The Controversial Red Fox Labrador
Labrador Retrievers come in a variety of colors, some of which are more officially accepted than others. According to the American Kennel Club, the only breed standard colors are Black, Chocolate, and Yellow. This very clearly leaves out the Silver Labrador and the White Labrador, both of which do exist and can be highly sought after.
Both silver labs and white labs are very controversial amongst Labrador Retriever purists, the major breed registries, and judges at dog shows. However, the case of the Red Fox color, or Ruby color, isn’t as clear cut. Officially, Fox Red Terriers are just Yellow Labs.
The AKC even states that Yellow Labs “may range in color from fox-red to light cream.” But there’s no question that Red Fox Labradors face a lot of discrimination in show rings and other performance-based events. There are even some who refuse to acknowledge the Fox Red Labrador as a purebred Lab.
These naysayers argue that the Fox Red Labrador is actually the result of breeding a Lab with another breed, namely a Vizsla or a Rhodesian Ridgeback. However, this has been proven false over and over again. If you plan on showing your Yellow Labrador Retriever in any discipline, then you may prefer to find a Labrador with a more traditional, lighter shade of yellow, rather than a dark yellow or the darker shade of the fox red color.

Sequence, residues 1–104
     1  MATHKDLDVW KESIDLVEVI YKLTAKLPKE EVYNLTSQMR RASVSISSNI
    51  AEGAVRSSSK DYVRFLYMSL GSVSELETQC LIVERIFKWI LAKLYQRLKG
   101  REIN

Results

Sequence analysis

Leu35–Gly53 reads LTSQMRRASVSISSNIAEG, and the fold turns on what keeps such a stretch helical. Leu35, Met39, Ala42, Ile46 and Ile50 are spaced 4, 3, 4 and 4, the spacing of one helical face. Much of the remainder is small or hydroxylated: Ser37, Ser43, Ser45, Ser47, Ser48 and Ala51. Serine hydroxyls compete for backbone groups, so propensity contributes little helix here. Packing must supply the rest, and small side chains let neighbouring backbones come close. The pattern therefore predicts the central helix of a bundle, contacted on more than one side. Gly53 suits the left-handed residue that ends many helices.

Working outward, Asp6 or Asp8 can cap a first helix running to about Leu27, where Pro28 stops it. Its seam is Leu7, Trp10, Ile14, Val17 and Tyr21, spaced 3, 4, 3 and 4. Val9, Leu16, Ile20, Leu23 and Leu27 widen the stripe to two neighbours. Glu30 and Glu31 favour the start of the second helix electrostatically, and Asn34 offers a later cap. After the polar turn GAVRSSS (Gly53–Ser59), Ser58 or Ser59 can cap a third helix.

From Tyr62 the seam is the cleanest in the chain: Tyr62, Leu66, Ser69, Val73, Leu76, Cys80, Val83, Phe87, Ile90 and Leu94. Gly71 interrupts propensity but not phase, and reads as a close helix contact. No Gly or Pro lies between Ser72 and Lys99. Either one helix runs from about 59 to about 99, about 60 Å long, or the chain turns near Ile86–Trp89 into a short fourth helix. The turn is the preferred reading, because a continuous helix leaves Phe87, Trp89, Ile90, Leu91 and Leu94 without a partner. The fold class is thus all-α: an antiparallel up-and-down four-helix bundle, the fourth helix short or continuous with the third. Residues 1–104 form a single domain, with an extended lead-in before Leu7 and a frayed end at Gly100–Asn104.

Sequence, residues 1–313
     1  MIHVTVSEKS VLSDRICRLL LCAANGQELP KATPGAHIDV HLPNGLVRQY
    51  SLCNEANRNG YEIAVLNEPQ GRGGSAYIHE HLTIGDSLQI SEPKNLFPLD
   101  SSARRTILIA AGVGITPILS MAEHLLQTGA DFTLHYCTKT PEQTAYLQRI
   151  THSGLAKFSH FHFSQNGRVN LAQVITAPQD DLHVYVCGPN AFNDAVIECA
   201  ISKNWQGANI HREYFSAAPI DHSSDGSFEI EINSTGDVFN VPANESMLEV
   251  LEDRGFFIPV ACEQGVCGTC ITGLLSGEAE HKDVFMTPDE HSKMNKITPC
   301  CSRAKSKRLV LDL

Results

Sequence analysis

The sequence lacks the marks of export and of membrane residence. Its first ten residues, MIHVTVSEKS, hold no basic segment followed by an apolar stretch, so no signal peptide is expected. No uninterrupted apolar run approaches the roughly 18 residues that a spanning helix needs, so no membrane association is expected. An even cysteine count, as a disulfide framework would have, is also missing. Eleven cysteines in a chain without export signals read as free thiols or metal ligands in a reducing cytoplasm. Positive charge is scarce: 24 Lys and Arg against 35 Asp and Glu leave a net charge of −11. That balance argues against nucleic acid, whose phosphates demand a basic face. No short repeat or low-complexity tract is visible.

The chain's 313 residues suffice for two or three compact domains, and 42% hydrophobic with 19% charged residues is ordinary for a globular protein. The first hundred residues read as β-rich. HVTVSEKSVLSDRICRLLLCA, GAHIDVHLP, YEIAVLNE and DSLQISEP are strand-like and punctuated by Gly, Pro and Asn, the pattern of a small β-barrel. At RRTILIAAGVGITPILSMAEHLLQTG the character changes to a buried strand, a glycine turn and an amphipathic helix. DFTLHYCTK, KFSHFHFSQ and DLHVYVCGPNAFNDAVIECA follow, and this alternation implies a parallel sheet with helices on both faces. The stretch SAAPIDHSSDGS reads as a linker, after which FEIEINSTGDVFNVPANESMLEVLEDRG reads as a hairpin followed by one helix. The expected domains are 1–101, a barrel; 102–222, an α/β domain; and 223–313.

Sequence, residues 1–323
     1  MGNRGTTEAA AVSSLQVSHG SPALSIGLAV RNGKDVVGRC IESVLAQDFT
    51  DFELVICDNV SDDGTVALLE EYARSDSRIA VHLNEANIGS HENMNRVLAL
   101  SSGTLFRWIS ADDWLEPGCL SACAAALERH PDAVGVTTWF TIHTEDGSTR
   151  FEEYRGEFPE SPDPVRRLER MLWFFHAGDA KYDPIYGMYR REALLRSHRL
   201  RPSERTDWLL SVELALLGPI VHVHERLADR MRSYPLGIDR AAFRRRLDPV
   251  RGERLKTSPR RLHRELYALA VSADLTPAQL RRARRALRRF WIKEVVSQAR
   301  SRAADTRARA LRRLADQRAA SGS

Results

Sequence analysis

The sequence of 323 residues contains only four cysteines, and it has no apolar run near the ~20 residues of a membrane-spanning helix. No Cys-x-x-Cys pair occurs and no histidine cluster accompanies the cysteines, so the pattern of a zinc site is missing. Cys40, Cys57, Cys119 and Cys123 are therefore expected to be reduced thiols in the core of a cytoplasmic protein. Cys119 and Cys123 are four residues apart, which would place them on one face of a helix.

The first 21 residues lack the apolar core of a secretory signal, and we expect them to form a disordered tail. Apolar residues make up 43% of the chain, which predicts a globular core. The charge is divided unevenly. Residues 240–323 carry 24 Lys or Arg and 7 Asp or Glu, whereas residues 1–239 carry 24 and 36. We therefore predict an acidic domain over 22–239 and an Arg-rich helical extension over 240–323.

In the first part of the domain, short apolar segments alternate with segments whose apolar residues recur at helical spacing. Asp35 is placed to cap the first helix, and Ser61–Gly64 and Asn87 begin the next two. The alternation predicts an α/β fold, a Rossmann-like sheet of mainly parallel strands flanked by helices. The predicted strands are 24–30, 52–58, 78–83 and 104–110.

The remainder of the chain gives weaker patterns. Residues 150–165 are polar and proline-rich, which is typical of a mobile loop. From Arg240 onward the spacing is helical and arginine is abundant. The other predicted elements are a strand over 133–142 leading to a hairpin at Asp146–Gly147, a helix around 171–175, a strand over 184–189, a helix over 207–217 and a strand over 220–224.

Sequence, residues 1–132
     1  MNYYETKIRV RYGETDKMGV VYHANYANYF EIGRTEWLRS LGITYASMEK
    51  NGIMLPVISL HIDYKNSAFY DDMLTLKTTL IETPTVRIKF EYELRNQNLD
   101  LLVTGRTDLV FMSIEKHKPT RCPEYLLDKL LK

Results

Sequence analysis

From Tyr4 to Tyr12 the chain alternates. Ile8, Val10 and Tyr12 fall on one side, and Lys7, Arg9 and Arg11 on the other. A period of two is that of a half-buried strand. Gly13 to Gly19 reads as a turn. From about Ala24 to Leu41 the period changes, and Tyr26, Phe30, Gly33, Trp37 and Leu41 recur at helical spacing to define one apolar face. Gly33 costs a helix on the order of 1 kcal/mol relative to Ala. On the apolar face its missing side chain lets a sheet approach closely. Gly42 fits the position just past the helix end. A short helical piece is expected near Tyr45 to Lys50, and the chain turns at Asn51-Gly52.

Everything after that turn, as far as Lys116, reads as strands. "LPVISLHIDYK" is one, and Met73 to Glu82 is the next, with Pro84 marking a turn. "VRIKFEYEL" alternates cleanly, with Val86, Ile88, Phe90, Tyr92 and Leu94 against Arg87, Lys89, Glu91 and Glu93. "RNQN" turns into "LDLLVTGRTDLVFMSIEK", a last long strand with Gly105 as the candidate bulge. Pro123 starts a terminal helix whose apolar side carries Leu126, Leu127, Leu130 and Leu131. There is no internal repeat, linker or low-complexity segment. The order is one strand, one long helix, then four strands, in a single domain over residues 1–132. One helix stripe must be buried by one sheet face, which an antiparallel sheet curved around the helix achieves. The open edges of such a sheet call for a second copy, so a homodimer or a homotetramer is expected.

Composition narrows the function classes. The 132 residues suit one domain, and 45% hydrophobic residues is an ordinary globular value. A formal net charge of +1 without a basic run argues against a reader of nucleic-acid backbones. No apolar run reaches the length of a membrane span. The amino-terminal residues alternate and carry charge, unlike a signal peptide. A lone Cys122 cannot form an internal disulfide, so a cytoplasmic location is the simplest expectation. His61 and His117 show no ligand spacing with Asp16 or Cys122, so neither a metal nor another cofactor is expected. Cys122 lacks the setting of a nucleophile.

How to Recognize a Red Fox Labrador
All Labradors share the same general appearance. They are large dogs, who usually end up weighing anywhere from 55 to 80 pounds, and standing around 24 inches in height. Female Labradors are typically smaller than male Labradors, though not by much.
Labradors’ stocky bodies, thick tail, and webbed toes make them very powerful dogs both in the water and out. As previously mentioned, the most common colors for Labradors are black, chocolate, and yellow, though red, silver, and white are also popular.
Purebred Labrador Retrievers are almost always one solid color, with no white markings. Because a Red Fox Lab is no different than a Black Lab or a Chocolate Lab, you can recognize a Fox Red Lab simply by its red color variation. Though Red Fox Labradors are sometimes confused with dogs of the Vizsla breed, Labradors usually have shorter ears and stockier bodies than the popular Hungarian dog.
Fox Red Labrador Personality and Temperament
The American Kennel Club uses words like “active,” “outgoing,” and “friendly” to describe the personality of the Labrador Retriever, and Fox Red Labs are no different. Most Fox Red Labs are eager to please their human companions.